Thanks to Padgett for this information. - performanceresearch.us/padgett
The most common symptom of a dirty Idle Air Controller (IAC) is an erratic idle speed or surging when the car is stopped with the transmission in drive. Stalling may occur in some cases.
Fig. 1 An Idle Air Controller. Note the red rubber O-ring seal.
Sooner or later, mostly around 100k miles, many GM computer controlled engines develop trouble idling. They are fine under power but the idle moves up and down several hundred RPM and the engine is liable to stall when coming to a stop, This is the classic "gunked up IAC" problem.
Many of the sequential, port, and tuned port fuel injections have a separate idle air circuit. At idle the throttle plate (butterfly) closes entirely and all idle air is fed from a side passage which is controlled by an Idle Air Controller. This small device has a position sensor and a stepper motor inside which is controlled by the Engine (Powertrain) Control Module aka "The Computer" hence the connector has four wires. If the engine is running too slowly, a command is sent to increase the opening (if monitoring with a scan tool this is seen as an increase of "IAC counts"), if to fast, the command is to close. Normally the response is quick enough to keep the engine within 25 or 50 rpm of the desired speed even if quite slow (e.g. 625 rpm).
Problems occur when a sticky black combustion residue collects in the passage and slows down the action of the stepper motor. This causes the idle to swing often several hundred RMP as the "counts" lags and overswings the desired RPM. In extreme cases it can cause the engine to stall, typically as the car comes to a stop.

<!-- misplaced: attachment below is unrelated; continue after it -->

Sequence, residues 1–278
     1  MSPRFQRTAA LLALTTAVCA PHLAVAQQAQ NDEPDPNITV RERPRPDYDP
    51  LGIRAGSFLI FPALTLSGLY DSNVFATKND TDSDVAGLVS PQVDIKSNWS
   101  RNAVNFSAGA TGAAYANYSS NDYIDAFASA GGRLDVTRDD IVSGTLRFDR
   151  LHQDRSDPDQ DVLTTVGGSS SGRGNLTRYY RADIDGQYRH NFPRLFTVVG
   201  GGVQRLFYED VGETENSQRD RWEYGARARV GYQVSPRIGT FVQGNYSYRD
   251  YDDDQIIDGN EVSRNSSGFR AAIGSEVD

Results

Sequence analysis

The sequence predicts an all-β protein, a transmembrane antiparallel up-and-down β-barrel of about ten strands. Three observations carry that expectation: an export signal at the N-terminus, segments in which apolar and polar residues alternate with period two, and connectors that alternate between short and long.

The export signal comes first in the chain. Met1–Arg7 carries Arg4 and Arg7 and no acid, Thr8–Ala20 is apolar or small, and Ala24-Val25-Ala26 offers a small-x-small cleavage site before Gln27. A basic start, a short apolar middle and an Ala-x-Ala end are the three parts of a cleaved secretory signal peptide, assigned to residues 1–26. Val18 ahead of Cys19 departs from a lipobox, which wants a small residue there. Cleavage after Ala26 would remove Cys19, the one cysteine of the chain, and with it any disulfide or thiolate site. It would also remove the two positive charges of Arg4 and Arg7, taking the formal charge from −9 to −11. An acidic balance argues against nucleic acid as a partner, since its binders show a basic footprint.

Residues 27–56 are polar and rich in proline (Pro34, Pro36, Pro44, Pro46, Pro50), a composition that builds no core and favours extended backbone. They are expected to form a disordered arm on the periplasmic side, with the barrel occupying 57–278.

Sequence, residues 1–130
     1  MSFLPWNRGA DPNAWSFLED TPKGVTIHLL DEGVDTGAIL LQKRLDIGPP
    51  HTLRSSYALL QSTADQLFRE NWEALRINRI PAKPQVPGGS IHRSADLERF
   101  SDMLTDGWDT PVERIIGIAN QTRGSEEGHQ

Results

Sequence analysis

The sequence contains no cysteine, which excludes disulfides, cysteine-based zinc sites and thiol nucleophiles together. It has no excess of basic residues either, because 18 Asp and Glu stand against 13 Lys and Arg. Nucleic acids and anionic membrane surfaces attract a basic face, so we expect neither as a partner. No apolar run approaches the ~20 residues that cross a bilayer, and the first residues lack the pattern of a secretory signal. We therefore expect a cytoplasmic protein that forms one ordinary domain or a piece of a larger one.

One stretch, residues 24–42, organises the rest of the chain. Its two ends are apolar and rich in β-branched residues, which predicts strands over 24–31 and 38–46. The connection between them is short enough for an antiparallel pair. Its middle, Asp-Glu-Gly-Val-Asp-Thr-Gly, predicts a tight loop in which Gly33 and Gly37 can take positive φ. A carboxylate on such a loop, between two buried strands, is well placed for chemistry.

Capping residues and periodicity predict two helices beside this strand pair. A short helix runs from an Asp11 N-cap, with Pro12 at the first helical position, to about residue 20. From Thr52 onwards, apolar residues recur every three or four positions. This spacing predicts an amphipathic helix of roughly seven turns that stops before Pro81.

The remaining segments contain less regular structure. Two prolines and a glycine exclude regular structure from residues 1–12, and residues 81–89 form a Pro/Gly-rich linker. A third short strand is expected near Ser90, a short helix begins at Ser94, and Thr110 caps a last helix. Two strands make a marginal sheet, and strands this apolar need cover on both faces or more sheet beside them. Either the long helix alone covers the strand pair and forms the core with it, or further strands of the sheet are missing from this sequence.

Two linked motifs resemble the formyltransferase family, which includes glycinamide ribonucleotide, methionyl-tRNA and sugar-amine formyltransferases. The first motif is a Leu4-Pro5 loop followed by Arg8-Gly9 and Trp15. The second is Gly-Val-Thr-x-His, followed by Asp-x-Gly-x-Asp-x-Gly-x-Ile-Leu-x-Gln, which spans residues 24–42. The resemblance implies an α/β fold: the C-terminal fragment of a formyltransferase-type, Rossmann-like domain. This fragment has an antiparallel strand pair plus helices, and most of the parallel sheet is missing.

Fig. 2 Oily gunk is found at the bottom of the IAC recess
Cleaning the IAC is a simple matter of removal, cleaning, and reinstalling. On the 3800 "C" engine it is found to the right of and below the throttle body. Access is much simpler if the hose between the throttle body and the air filter box is removed. Before removal always place a rag under the IAC ares since otherwise if one of the small screws is dropped it will most likely roll under the intake plenium and be unretrievable. Is easiest to work on a cold engine particularly considering the close proximity to the crossover pipe.
Fig. 3 IAC is below & to right of Throttle Body. Fig.4 Is easier to see with the air hose removed.
To clean, spray the IAC pintle (shaft) and spring with cleaner until the drip is clean and let dry. Do not try to change the position of the pintle. I have used carb cleaner and alcohol. Others recommend throttle body cleaner. While the IAC is drying spray the recess in the manifold as well. Use a pushrod or screwdriver is several folds of rag like a pipe cleaner to wipe the inside of the IAC recess. Repeat until completely clean. The gunk in the manifold is usually the source of the problem.
Once clean (does not need to be dry) reinstall on engine. Note that the red rubber O-ring (see fig. 1) is not damaged. If it is I have made a gasket from a brown paper grocery bag that has worked well since there is no appreciable pressure involved.
The engine should now start and idle smoothly. As the car is driven it will recalibrate the positioning so do not be concerned if the idle speed is a little off at first. The important thing is that the idle should be smooth and without swings.
This same technique can be used on many GM cars since almost all with port fuel injection use an IAC.
Fig. 5 IAC on 2.8 L engine in Fiero (below TPS) is considerably different from 3800 & screws into the manifold. However the recess, pintle, and spring look much the same.
Contents copyright (C) 2004 by Padgett